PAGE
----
Since mid 2007, 14 lenders have withdrawn from the market including: Alliance & Leicester; Barclays Bank; Breeze Loans; Capital One Bank; First National; First Plus; igroup; LoanOne Intermediaries; Marlborough Loans; Money Partners; Paragon Personal Finance; Picture Financial; SPPL and Sterling Credit.
Michelle Slade, analyst at Moneyfacts.co.uk said: "Secured loans have tended to be the realm of those with smaller amounts of equity in their home or those with past credit problems.
"Falling house prices has resulted in borrowers no longer having enough equity in their property to be able to take advantage of such loans.
"If a borrower’s home is repossessed, it is likely to be sold at a lower level than market value and once the first charge mortgage is repaid and legal fees etc are deducted, there is likely to be little left for the secured loan lender to recoup the debt owed to them.
"As the current economic downturn continues, the demand for secured loans by second charge remains. Secured loans offer consumers the option to consolidate their debts over longer terms of up to 25 years, whereas unsecured loans only offer up to a maximum term of 10 years with seven years being the norm. This is appealing to those who wish to reduce their existing outgoings by as much as possible.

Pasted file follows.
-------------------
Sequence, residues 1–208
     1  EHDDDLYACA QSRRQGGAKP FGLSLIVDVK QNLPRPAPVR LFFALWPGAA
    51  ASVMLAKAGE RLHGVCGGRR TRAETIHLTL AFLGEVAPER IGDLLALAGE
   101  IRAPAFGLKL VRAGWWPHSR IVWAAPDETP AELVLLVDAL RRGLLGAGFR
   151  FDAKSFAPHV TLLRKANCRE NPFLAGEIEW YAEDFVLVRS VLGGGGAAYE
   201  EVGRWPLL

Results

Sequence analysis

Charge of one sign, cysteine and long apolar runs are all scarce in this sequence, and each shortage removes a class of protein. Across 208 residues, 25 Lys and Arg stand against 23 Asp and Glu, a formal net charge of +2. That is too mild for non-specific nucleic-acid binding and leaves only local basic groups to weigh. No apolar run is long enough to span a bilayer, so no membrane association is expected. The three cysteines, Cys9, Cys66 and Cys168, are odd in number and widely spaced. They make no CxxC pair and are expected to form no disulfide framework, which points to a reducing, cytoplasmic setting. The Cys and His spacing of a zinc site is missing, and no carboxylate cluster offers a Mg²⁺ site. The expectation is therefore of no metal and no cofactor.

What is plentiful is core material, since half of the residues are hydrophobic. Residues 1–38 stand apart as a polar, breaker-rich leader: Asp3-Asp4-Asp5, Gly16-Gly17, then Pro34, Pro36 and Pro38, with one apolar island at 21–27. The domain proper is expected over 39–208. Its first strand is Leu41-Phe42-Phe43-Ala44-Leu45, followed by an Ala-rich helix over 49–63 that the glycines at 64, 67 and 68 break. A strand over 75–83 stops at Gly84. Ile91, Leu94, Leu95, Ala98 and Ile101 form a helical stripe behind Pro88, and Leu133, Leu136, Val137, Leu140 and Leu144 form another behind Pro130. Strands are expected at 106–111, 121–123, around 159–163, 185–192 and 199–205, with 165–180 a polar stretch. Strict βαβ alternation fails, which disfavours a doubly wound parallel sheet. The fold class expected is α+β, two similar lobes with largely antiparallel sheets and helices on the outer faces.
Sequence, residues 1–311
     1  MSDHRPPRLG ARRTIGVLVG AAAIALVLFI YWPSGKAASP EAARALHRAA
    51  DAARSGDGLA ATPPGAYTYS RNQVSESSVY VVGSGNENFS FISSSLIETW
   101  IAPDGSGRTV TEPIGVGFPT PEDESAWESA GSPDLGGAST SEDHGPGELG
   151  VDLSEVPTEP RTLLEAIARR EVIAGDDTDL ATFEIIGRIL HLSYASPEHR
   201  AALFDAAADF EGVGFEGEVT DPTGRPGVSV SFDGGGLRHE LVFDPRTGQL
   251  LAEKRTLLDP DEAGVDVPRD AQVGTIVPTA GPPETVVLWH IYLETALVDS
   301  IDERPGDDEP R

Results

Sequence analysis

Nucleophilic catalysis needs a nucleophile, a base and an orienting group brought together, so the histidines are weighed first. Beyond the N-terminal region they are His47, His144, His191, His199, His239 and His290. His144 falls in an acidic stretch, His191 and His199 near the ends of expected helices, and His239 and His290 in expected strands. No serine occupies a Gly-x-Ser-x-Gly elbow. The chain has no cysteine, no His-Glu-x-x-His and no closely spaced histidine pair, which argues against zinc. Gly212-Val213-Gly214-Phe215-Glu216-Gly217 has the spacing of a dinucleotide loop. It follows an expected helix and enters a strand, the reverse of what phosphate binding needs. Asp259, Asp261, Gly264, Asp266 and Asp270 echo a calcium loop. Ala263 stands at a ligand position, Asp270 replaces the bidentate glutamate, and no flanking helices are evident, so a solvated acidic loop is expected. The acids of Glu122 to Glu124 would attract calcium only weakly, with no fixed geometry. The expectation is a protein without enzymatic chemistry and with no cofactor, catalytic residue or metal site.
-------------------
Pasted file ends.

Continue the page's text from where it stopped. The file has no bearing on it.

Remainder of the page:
"On an unsecured loan the rate is set at outset and repayments are fixed. Most secured loan repayments move with base rate or LIBOR, but despite being in a low interest rate environment the average rate has increased from 9.9% to 12.4% in the last two years.
"Many lenders have found it is no longer a viable business option to offer secured loans in the current economic climate and we have to wonder for how long the remaining lenders will be able to survive."
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